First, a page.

Customer Journey Analysis with Daisy Wain from GOV.UK
The last Process Mining Café was all about customer journeys. In a customer journey analysis you look at the process from the viewpoint of the customer. We invited Senior Performance Analyst Daisy Wain from GOV.UK and also asked Rudi to join the session. You can now watch the recording here.
Customer Journey Mining at GOV.UK
At first, Daisy gave us a quick overview about her recent analysis of the user journey on the “Start a Business” part of the GOV.UK website.
A regular Google Analytics analysis only allows to look at two steps in a user journey (which page the visitors came from to arrive at the current page). In contrast, process mining allowed Daisy’s team to get an end-to-end view of the full user journey.
Challenge No. 1: What do you see as “Customer Journey”
Then, Rudi took us through the three main challenges that you will encounter when you analyze customer journeys with process mining.
The first challenge is that you need to determine the scope and the level of detail of what you want to see as the customer journey process. This seems simple at first. However, there are typically multiple options and there is not one “correct” answer.
Challenge No. 2: Dealing with Complexity
The second challenge is that you need to deal with complexity in different dimensions. First of all, many customer journey processes run across multiple channels. This means that data from different sources (e.g., click-streams, CRM system, etc.) needs to be combined to get the full view.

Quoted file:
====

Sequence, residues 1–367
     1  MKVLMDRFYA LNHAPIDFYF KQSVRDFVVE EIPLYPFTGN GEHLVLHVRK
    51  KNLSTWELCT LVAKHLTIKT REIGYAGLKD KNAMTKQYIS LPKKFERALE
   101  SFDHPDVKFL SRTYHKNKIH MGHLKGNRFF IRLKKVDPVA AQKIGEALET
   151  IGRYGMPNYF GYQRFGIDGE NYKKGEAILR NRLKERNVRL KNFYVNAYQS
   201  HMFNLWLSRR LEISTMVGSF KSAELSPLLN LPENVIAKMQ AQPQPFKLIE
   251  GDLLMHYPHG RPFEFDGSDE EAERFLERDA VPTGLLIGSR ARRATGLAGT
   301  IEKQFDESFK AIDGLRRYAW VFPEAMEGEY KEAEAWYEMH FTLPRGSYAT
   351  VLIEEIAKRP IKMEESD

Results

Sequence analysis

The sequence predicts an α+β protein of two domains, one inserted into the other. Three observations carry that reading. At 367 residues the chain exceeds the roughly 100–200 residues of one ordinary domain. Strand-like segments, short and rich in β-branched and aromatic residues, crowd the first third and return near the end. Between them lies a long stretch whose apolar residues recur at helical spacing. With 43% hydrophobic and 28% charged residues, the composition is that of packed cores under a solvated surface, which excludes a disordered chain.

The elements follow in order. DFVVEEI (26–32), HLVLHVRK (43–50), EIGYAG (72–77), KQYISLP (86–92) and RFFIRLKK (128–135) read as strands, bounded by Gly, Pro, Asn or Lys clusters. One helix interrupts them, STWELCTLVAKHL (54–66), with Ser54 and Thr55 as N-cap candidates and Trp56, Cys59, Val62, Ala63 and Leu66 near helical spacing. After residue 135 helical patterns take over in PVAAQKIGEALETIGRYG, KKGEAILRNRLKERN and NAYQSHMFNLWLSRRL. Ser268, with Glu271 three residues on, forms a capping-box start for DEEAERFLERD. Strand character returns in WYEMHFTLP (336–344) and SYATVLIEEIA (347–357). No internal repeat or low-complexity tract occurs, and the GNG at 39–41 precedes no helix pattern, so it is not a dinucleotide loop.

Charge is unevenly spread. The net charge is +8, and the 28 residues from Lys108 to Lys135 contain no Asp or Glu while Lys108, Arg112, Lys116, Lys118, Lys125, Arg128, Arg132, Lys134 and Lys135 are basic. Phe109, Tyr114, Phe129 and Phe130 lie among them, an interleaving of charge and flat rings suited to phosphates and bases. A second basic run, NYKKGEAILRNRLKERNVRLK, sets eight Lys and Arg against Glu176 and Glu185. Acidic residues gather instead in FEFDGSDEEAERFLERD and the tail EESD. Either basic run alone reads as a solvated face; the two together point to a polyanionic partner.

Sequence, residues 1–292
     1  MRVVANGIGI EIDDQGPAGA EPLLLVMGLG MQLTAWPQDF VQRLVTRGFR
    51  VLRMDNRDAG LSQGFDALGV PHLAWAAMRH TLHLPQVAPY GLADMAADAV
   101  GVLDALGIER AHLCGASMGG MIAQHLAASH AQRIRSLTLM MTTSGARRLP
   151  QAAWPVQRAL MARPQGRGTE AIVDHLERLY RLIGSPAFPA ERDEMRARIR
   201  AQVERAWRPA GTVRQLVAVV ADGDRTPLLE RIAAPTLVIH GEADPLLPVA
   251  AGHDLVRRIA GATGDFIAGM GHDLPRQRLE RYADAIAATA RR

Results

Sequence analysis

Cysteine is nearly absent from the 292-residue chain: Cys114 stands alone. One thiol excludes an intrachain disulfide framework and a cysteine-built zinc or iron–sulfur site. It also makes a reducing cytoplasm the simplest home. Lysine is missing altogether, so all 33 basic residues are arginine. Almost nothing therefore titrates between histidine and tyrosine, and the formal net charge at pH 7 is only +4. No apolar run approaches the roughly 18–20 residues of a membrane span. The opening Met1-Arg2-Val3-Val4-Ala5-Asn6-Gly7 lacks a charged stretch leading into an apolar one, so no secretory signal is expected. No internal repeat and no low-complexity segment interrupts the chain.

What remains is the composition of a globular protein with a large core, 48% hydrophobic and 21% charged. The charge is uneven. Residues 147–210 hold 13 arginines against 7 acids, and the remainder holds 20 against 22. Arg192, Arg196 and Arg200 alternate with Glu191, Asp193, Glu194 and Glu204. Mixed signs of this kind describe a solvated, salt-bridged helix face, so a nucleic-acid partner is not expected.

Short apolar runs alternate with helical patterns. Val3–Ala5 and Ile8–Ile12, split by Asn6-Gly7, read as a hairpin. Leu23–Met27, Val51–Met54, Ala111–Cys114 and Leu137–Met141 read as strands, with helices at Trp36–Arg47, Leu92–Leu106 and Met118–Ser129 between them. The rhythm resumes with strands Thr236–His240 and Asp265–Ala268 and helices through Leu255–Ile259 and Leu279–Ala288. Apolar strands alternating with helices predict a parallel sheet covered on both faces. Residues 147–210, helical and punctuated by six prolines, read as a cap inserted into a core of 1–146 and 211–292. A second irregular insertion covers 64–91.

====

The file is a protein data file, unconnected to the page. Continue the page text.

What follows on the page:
Another dimension is that the volume of data grows quickly, especially when you analyze data from high-traffic websites like GOV.UK. You need to select the data for your analysis in a smart way.
And finally, once you import your data into the process mining tool, you can expect a very complex process map as well. Rudi showed us in a live demo how this complexity can be reduced in Disco.
Challenge No. 3: Taking Action
The last challenge is that taking action to actually improve the process can be a little bit more complicated than in a regular improvement project.
Traditional processes typically have a process owner who is responsible for changing the process. For many companies, the responsibilities around customer journeys are not that clear. The topic is still quite new and the responsibility is not pushed to one person. At the same time, the place where the change should be made only becomes clear after the analysis and can affect different departments.
Finally, the customer is central to the customer journey process but cannot directly be controlled. User research needs to be carried out in addition to the actual process mining analysis for deeper root cause analyses.
Here are the links that we mentioned during the session:
Path Analysis in Google Analytics 360 by João Correia
Simplification strategies to deal with complex process maps
The public data set from the BPI Challenge 2016 that contains click-stream data (Disco workspace)
A big thanks again to Daisy and Rudi and to all of you for tuning in!
If you have questions or additional comments about process mining for customer journeys, send them our way via email@example.com. We are always happy to hear from you.